But now let us imagine a different system. Suppose the leader were elected by the caucus, as of old. And suppose, again as of old, that each member really was the choice of their local riding association (while we’re at it, suppose we cleaned up nomination races, with real rather than instant members deciding them). Then not only would leaders have to be highly solicitous of caucus concerns, but when the day came that they had to be replaced, as it does to most, the job could be done swiftly, cleanly, and with a minimum of violence. Think of poor old Margaret Thatcher, queen of all on a Monday, gone on a Tuesday. Now think of Jean Chrétien, hanging on for months and years after caucus (leave aside the wisdom of their judgment) had determined to be rid of him.

Of course, they did get rid of him, eventually, as Campbell and James were got rid of: eventually. So we are halfway to restoring the Westminster system. Why not finish the job?


 

A rudderless ship of state sails on

  1. YES! I have been making this argument in different ways for 2 years on these boards. The intended consequence of a "more democratic" selection process for candidatesw and leaders has distanced party members, not included them.

    The leader is too remote to ever be able to connect at a local level. He/she needs their MPs to do that. But their MPs are also too insulated by their own selection process. It never focuses on their individual policy posiitons – that is sacrificed to the centralized leader's office and the hired guns.

    There needs to be a balance where the leaders have to listen to and heed the MPs while still being able to make final choices confident in the loyalty of their party members. But you can't have one without the other. You can't make choices that are not only strategically advantageous; they have to be within the comfort zone of the base. You can't be sure of that without your MPs having a meaningful relationship with their riding members and without some levers over the leadership to make them listen.

    • One problem Be_rad is that in your model, we might begin to see the regional differences between MP's (at federal level politics) that are otherwise negligible by a powerful, authoritative leader. You think the bureaucracy is big now…make every MP in every region capable of pushing their own individual policy positions and see where you end up. I am not advocating for our current system, only that the change you recommend is much more easily envisioned then it is institutionalized.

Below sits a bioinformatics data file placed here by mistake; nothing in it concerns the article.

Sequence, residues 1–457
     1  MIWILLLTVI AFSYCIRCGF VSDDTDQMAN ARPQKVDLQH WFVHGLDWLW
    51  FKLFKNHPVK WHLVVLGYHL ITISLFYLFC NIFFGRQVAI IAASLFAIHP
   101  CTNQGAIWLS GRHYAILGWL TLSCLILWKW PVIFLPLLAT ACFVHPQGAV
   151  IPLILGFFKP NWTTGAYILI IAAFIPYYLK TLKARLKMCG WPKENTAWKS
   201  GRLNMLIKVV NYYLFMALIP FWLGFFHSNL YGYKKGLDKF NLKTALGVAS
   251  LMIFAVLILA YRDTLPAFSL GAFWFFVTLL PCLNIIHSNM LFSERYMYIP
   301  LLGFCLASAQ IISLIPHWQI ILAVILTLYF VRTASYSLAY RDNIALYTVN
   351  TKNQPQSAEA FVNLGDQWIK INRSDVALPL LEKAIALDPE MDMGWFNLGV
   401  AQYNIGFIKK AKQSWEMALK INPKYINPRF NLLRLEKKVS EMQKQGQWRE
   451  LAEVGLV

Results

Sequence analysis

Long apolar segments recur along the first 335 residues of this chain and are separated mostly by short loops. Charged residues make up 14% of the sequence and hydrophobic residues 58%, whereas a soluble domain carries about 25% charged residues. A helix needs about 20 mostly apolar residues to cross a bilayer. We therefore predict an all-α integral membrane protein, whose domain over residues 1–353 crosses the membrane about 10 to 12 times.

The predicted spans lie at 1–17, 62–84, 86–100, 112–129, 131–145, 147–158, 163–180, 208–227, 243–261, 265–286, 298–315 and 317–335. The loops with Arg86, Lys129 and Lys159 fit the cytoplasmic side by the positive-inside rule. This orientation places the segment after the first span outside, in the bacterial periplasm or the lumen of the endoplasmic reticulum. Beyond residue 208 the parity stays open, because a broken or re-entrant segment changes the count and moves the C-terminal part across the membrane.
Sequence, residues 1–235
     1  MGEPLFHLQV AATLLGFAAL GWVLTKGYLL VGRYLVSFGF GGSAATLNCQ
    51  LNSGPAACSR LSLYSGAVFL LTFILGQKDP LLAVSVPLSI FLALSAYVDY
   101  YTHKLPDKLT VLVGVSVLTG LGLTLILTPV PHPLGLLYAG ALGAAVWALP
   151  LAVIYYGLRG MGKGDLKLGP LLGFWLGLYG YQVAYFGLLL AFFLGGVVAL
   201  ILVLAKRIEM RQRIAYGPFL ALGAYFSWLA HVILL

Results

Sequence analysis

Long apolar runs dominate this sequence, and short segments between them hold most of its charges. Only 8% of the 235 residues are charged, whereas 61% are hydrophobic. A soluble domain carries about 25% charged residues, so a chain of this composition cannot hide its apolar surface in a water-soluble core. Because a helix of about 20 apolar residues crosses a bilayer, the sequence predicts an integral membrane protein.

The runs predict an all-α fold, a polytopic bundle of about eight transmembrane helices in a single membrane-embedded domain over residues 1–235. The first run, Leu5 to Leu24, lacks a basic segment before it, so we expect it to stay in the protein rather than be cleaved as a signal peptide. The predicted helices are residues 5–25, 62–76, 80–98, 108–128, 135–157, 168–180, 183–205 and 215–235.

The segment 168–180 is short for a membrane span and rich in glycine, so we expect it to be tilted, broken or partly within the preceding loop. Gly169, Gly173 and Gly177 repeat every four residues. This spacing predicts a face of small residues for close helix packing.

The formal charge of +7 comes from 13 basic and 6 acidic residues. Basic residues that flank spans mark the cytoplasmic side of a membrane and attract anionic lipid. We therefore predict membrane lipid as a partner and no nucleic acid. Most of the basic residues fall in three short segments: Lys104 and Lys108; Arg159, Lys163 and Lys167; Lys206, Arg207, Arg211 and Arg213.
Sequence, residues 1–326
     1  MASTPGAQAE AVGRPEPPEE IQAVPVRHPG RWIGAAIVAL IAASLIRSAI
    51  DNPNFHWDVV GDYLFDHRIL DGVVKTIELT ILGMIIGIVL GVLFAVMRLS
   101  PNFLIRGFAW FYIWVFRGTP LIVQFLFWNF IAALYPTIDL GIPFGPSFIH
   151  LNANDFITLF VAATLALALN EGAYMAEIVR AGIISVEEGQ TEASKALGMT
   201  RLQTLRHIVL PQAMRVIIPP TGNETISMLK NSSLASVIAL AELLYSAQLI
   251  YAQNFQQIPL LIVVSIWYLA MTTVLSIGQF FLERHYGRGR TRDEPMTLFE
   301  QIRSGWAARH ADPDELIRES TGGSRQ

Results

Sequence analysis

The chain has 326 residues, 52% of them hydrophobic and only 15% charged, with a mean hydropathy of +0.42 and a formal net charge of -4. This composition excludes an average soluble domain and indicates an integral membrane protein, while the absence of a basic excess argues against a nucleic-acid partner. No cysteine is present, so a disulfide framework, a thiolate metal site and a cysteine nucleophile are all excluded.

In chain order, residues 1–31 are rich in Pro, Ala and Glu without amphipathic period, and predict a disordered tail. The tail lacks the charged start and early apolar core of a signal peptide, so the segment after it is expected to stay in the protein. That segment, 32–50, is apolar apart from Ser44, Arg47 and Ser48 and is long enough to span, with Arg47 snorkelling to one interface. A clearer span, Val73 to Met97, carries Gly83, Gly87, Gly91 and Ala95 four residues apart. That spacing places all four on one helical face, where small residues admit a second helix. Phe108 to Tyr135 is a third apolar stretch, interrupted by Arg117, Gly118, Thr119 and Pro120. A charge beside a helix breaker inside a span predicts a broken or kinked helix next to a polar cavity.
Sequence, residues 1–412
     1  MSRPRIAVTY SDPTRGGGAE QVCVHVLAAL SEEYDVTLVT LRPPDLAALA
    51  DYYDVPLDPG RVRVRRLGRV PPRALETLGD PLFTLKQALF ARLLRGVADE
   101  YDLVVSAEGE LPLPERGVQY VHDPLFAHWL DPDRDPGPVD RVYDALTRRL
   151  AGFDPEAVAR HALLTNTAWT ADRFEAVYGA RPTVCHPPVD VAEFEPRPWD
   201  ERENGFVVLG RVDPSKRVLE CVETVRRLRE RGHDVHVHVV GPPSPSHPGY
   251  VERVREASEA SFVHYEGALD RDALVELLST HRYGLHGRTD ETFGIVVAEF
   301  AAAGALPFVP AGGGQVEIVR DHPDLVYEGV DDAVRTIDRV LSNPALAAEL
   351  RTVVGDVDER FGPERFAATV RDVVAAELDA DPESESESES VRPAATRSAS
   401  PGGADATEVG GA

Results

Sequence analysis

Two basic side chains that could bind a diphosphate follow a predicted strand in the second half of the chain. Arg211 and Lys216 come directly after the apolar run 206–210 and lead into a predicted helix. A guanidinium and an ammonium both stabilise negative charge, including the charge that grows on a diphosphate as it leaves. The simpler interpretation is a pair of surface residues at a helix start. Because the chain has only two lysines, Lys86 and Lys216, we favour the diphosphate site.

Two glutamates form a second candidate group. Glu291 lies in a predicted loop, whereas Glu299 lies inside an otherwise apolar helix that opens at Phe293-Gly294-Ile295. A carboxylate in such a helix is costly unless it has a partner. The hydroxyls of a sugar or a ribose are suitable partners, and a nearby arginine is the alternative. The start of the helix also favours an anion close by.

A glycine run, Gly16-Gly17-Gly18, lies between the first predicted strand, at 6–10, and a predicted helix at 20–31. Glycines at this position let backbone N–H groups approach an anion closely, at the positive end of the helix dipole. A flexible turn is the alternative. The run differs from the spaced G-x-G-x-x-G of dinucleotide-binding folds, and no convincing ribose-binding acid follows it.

• You're not wrong, but I wouldn't argue for that degree of power, either. Call it a fine balance. You are very right in considering the regional imbalance that can happen if only elected MPs have a say in national policy decisions by their leader. It could easily endup having the opposite effect of having a grounded, connected relationship to the people.

        If I recall correctly, one of the big compromises that went to the old Prog-Con side in the merger was an insistence on equality of vote to each riding rather than by strength of representation in each riding. They were mostly concerned with the kind of regional imbalance the latter system would have and the negative effect it would have on national unity within the new party.

        • But lets have a look at your example: there is no doubt that the Conservatives we know today under Stephen Harper can definitely pull far more of their roots from the Alliance then from the PC. The last important stalwart of the PC days is Peter Mackay, and he is not much more then a mouth piece. I don't know if you can expect federal politics to ever mirror the regional representation that provincial politics can potentially harness. Having a powerful leader is almost a necessity IF we want them to have a vision of Canada. Again I am actually in favour of better cheques on a leader running wild, and with MP's being capable of embodying their own policy ideas….but I would never pursue such an idea at the expense of a strong leader – and i think that means an opinionated one. You say a balance between the two, I think I would err on the side of a more powerful leader, then a more powerful caucus.

          • Well, I'm not sure what to say. The premise of the article, with which I agree, is that leaders are so distanced from their respective MPs/candidates/grassroots that the leader can have their head so far up their patootie that it takes a seismic electoral reaction to them for them to finally clue in. I get that Caanda's national scene requires a strong leader with vision to unify not only their party, but the country. But in setting them up at such a lofty height, with no linkage to the rest of the MPs we individually send to Ottawa, sets them up to fail, in my opinion. Again, the balance has to favour a leader capable of making the right decisions, but those decisdions, I would argue, woudl be better in the long run, if they were based more heavily on MP input than currently is the case.